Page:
1. Jesus Christ’s death WAS a sin offering for one. The sin offerings of the Jewish sacrificial systems were preparations for, pointed to, and typologically represented the sacrifice of Jesus Christ. That is Christianity 101 explicitly stated in every single New Testament book. Why else would Jesus Christ be called “the lamb of God who takes away the sins of the world”? Please recall that He was called so by John the Baptist, a prophet operating exclusively under the old covenant and probably was directly exposed to virtually none of Jesus Christ’s teachings or ministry. Christ’s battling with the Pharisees and Sadduccees (plus not a few common people), healing and casting out devils, driving people out of the temple, and His return on the day of the Lord … have you ever seen or heard of lambs doing anything like that? Jesus Christ was not A sin offering, He was THE ONE UNIQUE AND EFFECTIVE SIN SACRIFICE. But of course you knew all of this already.

    2. There were many groups of Ebionites that had a wide diversity of beliefs. It is fair to say that a great deal were in fact heretical. It is equally fair to say that the same was true of a great many Gentile Christians however (case in point: your own example of Origen)! Why? Please recall that post – apostolic but pre – Nicene church operated in a time where there was no official canon and no standard set of orthodoxy and orthopraxy, and what was more there was no group or body with the widely accepted authority needed to declare or enforce this orthodoxy and orthopraxy.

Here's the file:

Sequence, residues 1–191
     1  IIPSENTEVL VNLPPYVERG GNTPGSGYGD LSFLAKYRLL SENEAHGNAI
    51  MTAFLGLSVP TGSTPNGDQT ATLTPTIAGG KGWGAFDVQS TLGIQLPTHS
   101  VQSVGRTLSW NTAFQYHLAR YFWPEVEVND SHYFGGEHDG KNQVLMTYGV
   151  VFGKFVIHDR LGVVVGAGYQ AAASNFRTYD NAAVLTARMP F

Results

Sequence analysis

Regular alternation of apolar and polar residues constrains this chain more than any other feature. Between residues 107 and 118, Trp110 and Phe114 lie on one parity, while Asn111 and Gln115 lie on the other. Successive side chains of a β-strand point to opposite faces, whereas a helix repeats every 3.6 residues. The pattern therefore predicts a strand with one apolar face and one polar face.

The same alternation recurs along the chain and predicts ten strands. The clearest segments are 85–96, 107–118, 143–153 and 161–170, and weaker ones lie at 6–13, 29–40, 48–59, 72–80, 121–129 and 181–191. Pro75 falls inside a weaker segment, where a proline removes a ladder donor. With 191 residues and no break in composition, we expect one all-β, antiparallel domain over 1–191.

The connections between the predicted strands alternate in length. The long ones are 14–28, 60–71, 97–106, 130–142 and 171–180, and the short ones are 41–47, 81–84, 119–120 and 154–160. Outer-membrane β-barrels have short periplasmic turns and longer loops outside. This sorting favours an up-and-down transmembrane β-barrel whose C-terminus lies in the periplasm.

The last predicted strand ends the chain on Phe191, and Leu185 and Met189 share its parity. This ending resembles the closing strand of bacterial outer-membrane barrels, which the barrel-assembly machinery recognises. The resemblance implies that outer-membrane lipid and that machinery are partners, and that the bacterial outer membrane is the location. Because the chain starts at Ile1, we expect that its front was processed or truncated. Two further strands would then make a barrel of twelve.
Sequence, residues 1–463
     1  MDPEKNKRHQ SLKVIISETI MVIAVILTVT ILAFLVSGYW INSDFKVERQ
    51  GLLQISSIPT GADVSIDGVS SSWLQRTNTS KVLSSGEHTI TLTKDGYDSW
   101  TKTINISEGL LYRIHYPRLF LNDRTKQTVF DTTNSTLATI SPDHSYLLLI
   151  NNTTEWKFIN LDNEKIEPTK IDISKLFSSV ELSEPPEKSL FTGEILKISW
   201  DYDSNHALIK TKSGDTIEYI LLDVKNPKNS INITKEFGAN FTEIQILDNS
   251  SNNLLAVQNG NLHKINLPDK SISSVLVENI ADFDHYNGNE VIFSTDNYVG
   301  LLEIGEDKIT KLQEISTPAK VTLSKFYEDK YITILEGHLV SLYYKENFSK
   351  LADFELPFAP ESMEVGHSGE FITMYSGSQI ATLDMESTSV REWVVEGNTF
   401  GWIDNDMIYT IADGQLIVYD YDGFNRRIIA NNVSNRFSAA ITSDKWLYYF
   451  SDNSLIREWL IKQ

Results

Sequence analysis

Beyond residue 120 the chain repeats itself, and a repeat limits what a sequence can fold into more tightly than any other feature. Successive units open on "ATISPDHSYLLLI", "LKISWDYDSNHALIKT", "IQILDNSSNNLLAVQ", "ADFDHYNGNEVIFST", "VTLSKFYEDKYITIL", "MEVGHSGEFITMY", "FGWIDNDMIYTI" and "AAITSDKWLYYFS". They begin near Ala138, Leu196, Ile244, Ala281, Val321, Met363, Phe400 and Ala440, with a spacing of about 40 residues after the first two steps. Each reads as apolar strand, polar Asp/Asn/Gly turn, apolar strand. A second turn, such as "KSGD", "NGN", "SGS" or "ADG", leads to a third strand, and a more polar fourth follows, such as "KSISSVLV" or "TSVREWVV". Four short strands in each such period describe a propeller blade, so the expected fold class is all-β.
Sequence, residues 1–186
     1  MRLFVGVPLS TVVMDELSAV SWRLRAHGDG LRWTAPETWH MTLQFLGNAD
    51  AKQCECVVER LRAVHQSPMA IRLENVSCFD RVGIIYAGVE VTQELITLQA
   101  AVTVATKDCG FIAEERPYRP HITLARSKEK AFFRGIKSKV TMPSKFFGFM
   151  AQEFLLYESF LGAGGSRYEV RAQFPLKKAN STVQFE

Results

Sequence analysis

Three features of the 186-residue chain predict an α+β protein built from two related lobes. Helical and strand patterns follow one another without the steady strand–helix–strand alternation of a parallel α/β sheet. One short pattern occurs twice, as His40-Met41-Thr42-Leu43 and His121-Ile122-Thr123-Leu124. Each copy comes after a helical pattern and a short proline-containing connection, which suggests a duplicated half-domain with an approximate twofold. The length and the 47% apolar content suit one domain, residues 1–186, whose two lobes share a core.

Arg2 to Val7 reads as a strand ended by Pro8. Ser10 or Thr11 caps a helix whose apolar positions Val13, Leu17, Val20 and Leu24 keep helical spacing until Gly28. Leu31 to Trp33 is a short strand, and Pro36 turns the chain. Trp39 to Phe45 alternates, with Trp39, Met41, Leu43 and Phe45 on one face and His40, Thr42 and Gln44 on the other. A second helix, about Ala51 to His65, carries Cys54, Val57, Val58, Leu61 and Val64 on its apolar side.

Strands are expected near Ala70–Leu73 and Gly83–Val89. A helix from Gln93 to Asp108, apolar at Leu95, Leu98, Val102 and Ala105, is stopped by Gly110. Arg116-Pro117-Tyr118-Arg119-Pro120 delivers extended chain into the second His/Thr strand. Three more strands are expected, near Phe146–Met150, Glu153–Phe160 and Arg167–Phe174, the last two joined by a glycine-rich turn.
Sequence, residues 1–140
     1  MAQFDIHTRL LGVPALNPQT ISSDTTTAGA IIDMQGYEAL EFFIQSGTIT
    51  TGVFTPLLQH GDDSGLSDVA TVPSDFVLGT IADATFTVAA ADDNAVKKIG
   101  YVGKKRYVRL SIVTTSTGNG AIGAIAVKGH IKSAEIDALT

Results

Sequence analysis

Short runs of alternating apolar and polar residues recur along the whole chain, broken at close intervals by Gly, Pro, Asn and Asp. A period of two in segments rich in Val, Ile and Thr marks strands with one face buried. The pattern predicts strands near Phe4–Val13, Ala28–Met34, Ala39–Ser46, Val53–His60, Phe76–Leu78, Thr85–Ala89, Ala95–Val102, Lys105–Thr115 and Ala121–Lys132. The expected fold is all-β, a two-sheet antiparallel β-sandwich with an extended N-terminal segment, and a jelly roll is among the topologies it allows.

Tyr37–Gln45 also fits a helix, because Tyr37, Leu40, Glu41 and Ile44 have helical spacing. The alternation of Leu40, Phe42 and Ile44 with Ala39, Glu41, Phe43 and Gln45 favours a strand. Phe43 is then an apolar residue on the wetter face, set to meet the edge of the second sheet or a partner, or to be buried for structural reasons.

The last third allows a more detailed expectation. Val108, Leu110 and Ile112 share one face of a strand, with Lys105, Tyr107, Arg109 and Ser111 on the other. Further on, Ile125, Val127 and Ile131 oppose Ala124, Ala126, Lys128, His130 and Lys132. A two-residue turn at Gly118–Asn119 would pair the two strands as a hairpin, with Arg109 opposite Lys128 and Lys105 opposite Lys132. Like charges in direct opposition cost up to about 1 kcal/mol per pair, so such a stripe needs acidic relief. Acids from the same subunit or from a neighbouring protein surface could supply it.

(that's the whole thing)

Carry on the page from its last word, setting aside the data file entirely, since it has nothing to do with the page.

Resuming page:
So, some Ebionites did in fact reject Jesus Christ’s deity, claiming that He was only the Messiah, and still other Ebionites accepted Christ’s deity while still rejecting Trinity. And yes still more Ebionites did in fact continue to depict salvation and justification as conditioned at least in part on keeping the 613. And there were also other strange beliefs. But you know what? There were just as many Gentiles with just as many strange beliefs – which were often strikingly similar i.e. the doctrines of the Gentile Arianism to the doctrines of Ebionites that rejected Christ’s deity, and the legalism of the Montanists as compared to that of the Judaizers – and still more. So, what you had going on was large numbers (and possibly a majority!) of both Christian groups – Gentiles and Jews – completely rejecting core points of the apostolic teachings. Quite naturally, the Gentiles preferred to focus on the Jewish errors, and the Jews preferred to focus on the Gentile errors, when the truth is that they were usually both equally wrong.